George Orwell was born Eric Blair in India, and as a young adult he soon developed an independent personality underlined by his indifference to accept values and by his profession of atheism and socialism. Back in London he spent a period living in poverty to directly experience it. In the thirties he decided to start publishing with the pseudonym of George Orwell, he wrote a lot of reports, essays, reviews, but his most important and known works are Animal Farm and 1984 which soon became a best-seller.
Orwell’s various experiences abroad, helped him to achieve an unusual ability to see his country from the outside, and to judge its strengths and weaknesses.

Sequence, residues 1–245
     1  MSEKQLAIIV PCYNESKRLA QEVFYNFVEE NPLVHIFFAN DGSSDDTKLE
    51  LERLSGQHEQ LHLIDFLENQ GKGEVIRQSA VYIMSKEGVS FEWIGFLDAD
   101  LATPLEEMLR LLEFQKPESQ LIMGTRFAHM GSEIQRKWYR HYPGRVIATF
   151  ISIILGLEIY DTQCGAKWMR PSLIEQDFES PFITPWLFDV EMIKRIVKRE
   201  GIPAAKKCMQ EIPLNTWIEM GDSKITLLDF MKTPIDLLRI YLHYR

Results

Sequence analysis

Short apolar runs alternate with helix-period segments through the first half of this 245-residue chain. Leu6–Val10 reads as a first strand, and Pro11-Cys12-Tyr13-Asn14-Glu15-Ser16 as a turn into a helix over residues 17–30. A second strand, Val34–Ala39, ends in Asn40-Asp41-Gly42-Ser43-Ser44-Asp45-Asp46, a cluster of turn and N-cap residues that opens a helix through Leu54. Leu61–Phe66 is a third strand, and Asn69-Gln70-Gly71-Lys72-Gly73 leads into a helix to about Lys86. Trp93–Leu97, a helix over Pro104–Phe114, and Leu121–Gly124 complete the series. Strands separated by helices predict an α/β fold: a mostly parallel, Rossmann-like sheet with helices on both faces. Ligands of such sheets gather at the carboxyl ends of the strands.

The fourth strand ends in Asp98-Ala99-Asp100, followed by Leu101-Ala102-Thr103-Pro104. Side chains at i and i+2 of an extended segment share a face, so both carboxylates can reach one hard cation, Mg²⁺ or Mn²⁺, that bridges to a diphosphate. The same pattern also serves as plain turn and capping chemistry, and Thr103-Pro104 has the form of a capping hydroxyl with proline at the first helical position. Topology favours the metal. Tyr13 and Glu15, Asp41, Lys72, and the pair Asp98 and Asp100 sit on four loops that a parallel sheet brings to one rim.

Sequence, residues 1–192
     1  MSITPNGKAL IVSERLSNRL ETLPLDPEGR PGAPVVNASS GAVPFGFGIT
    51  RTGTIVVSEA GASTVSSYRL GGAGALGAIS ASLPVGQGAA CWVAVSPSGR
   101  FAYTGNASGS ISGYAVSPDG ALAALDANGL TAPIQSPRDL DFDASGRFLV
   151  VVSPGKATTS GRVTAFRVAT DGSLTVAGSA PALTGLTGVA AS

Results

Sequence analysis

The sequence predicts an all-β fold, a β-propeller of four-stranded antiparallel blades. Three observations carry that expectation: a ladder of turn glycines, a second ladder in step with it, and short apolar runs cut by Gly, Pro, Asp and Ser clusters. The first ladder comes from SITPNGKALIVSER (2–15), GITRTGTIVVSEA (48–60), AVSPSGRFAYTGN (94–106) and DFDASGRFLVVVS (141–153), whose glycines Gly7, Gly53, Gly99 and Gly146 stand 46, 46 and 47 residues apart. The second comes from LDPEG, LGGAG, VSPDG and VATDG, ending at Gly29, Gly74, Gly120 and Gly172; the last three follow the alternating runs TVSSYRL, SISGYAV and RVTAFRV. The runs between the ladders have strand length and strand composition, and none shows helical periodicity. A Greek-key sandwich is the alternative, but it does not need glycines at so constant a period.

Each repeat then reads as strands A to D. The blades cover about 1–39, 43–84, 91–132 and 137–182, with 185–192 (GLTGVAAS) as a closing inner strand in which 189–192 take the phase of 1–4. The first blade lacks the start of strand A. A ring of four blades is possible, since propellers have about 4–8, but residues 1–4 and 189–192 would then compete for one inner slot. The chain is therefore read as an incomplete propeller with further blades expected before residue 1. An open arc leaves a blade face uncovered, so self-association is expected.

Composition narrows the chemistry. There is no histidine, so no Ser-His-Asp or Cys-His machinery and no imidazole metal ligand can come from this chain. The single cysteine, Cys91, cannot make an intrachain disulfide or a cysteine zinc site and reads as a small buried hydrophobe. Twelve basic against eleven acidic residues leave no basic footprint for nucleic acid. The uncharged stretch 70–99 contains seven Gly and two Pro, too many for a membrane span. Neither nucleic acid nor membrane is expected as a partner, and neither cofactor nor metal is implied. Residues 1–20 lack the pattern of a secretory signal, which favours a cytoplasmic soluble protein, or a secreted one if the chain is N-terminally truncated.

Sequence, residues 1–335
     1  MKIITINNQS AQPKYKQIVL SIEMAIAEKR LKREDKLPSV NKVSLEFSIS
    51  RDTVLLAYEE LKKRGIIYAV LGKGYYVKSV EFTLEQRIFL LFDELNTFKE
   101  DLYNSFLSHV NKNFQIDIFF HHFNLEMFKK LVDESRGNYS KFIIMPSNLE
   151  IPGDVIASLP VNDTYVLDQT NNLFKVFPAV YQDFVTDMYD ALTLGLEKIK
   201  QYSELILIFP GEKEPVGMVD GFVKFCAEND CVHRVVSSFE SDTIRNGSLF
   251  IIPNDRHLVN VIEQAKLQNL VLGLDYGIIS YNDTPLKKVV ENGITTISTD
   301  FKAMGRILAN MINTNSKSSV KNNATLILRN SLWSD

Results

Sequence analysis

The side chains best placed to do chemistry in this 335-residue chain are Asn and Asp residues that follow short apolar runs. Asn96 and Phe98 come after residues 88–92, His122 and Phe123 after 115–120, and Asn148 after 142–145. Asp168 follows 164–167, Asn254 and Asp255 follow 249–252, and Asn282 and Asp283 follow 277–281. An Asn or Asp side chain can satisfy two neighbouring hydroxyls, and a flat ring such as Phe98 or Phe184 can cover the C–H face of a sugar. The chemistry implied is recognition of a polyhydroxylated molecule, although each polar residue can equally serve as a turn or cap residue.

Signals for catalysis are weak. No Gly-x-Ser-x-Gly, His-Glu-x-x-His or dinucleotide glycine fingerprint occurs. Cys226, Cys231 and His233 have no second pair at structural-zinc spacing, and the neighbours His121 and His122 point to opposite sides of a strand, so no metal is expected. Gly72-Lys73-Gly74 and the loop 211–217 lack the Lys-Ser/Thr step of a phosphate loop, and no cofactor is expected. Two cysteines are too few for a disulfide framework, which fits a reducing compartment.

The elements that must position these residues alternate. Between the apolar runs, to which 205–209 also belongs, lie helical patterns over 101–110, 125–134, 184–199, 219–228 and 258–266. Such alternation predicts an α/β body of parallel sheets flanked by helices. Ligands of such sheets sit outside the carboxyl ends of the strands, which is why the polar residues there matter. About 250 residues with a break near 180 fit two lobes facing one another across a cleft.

In one of his essays he tried to define the role of the writer, and he said that the writer had to inform, and reveal facts in order to draw conclusions from them. That’s why writing has a social function.
Through political themes he presented a critique of totalitarianism and insisted on justice and tolerance.